This is the fifth post in a series of posts on karate terms which covers training equipment, tournament, and rankings.

For previous posts in this series, please click the links below:


Karate training equipment

  1. Chishi: stone weighted training tools for upper body conditioning
  2. Ishi: a large rock that was carried around in order to build strength and conditioning.
  3. Ishi sashi: stone or concrete hand weights
  4. Jari bako: this Japanese training tool uses a bucket filled with sand to condition fingers and hands
  5. Kakite bikei: blocking post with movable arm
  6. Kongoken: a large heavy iron ring used for full body strength training and conditioning
  7. Makiage kigu: weighted rope used to build hand, wrist and forearm strength.
  8. Makiwara: a wooden striking post which provides progressive resistance
  9. Nigiri game: gripping jars used to develop palm and finger strength
  10. Sagi makiwara: a hanging version of the makiwara
  11. Suburito or suburi bokken: an extra heavy wooden practice sword for building arm and shoulder strength
  12. Sunabukuro: similar to modern day heavy bags
  13. Taketaba: bundle of bamboo used for finger strikes
  14. Tan: barbell with wooden handle
  15. Tanren bo: a wooden device used ‘solely’ for conditioning the wrists and arms.
  16. Tetsu geta: “Iron Sandals” or “Iron Clogs” used to strengthen the legs and develop kicking power
  17. Tetsuwa: these are iron weights that are worn on a student’s wrist to build arm and shoulder strength
  18. Ude makiwara: round version of the makiwara striking post

Karate tournament

  1. Aiuchi: simultaneous strike or scoring technique
  2. Aka: red
  3. Aoi: blue
  4. Chui: warning
  5. Enchosen hajime: extension time begin
  6. Fukushin: assistant referee
  7. Gogi: consultation
  8. Hansoku: violation, rule infraction, foul play
  9. Hansoku chui: foul warning
  10. Hantei: judge’s decision
  11. Hata: flag
  12. Hikiwake: a draw
  13. Ippon: one step, one point
  14. Jikan: time out
  15. Jogai: out of the mat
  16. Jogai chui: out of the mat penalty
  17. Katsu: win
  18. Keikoku: warning
  19. Kiken: forfeit/concede
  20. Mienai: could not see
  21. Moto no ichi: starting position
  22. Mubobi: showing undue care for one’s safety
  23. No Kachi: winner in a kumite bout
  24. Shiai: tournament, competition
  25. Shiai geiko: tournament practice
  26. Shikkaku: disqualification
  27. Shobu ippon: one point match
  28. Shiro: white
  29. Sundome: non-contact match
  30. Taikai: tournament
  31. Torimasen: no point
  32. Waza-ari: half point

Rankings in karate

  1. Mukyu: no level
  2. Kyu: all levels below black belt
  3. Dan: black belt level
  4. Shodan: first degree black belt
  5. Shodan-So: probationary junior black belt
  6. Joshu-shoban: junior First Degree Black Belt
  7. Shodan-Ho: Probationary First Degree Black Belt
  8. Nidan: Second degree black belt
  9. Sandan: Third degree black belt
  10. Yondan: Fourth degree black belt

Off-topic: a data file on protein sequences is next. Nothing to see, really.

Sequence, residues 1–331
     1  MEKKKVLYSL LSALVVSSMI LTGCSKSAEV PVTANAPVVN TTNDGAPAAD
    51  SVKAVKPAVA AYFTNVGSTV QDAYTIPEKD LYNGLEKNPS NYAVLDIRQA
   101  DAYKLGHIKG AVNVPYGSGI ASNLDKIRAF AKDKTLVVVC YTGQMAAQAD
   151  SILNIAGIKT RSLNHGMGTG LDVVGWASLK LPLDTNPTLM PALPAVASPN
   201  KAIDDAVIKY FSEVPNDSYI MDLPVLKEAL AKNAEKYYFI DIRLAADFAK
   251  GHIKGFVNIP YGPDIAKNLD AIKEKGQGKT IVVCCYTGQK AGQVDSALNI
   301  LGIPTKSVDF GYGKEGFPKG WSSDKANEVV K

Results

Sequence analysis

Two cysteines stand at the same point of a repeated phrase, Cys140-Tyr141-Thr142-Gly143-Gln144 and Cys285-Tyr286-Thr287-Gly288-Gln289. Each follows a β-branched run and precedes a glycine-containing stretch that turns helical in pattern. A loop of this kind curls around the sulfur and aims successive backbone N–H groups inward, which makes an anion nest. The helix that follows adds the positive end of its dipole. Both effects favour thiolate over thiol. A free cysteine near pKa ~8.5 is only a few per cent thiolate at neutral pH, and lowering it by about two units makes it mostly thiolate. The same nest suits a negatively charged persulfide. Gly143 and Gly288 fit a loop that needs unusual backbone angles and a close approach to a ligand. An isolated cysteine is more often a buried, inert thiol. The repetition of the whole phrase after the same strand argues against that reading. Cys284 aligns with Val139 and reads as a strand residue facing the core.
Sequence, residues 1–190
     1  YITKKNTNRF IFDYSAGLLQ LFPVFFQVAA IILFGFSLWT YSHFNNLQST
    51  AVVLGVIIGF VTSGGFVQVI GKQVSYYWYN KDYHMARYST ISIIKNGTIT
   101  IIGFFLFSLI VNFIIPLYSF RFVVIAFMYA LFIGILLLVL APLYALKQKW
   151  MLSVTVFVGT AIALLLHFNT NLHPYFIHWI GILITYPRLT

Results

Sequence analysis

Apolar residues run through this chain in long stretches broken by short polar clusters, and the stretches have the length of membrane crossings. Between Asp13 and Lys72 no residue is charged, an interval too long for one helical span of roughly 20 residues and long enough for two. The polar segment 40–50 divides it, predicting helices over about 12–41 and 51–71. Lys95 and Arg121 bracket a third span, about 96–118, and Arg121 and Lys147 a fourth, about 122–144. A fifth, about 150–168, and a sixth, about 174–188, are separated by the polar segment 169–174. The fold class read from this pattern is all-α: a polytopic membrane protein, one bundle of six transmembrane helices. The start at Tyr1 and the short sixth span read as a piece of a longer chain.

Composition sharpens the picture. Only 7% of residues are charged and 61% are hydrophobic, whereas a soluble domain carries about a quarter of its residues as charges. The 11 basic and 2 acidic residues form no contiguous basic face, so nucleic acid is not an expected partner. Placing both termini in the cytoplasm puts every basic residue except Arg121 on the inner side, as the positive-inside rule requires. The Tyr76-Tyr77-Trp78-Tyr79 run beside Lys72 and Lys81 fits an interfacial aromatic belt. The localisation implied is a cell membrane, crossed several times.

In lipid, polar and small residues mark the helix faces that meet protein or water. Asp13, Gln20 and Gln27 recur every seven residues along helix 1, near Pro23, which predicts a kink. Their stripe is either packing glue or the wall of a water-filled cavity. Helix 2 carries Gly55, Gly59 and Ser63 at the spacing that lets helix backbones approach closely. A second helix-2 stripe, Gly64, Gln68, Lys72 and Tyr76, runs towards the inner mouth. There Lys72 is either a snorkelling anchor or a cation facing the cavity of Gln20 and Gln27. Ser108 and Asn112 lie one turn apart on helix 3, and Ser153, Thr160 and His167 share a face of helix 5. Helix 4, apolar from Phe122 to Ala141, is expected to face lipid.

11. Godan: Fifth degree black belt
  12. Rokudan : Sixth degree black belt
  13. Nanadan : Seventh degree black belt
  14. Hachidan: Eighth degree black belt
  15. Kudan: Ninth degree black belt
  16. Judan: Tenth degree black belt
  17. Sempai/Senpai: Senior student
  18. Sensei: Teacher
  19. Shidoin : Assistant instructor
  20. Shidoshi: Dojo manager
  21. Renshi: Senior teacher
  22. Shihan: Teacher of teachers
  23. Kyoshi: Expert teacher
  24. Hanshi: Master teacher

Belts in karate

Different styles have different belt systems, but the following appears to be the most common one.

  1. White Belt.10th kyu. The white color symbolizes the beginning of a karateka’s journey
  2. Yellow Belt. 9th kyu. The yellow color represents the sunlight meaning a karateka has achieved some understanding that gives hope for a future of potential growth
  3. Orange Belt. 8th kyu. The orange color signifies the sun’s intensity, and a student with an orange belt is thought to have gained more understanding of the basics of karate and shown strengthened commitment to train
  4. Green Belt. 7th kyu. Green is the color of growth. Green belt students have learned basic skills and begin to refine those skills and grow
  5. Blue Belt. 6th kyu. Blue represents the sky and blue belts are given to students who have gained a firm basic knowledge and begin their journey of growing upwards and learning more difficult techniques
  6. Purple Belt. 5th kyu. Purple is the color of dawn. This represents the end of the intermediate level and purple belt students are now beginning to transition to a more advanced stage of their karate study
  7. Red Belt. 4th kyu. Red is the color of strength. This implies that red belt students have shown hard work, dedication and strength through their karate training and are now ready for more challenges. Red is also the color of danger, meaning these students now possesses dangerous skills and need to be cautious during their training and when applying what they know in actual situations
  8. Brown Belt. 3rd kyu to 1st kyu. The color brown represents a ripening seed ready for harvest. Brown belt students are ready to move to the next level and begin a new journey in martial arts
  9. Black Belt. Shodan. The color black symbolizes the end, meaning the student has completed a transformation from an unknowing white belt to one with skills and a deep understanding of bushido. It also signals the beginning of a new journey.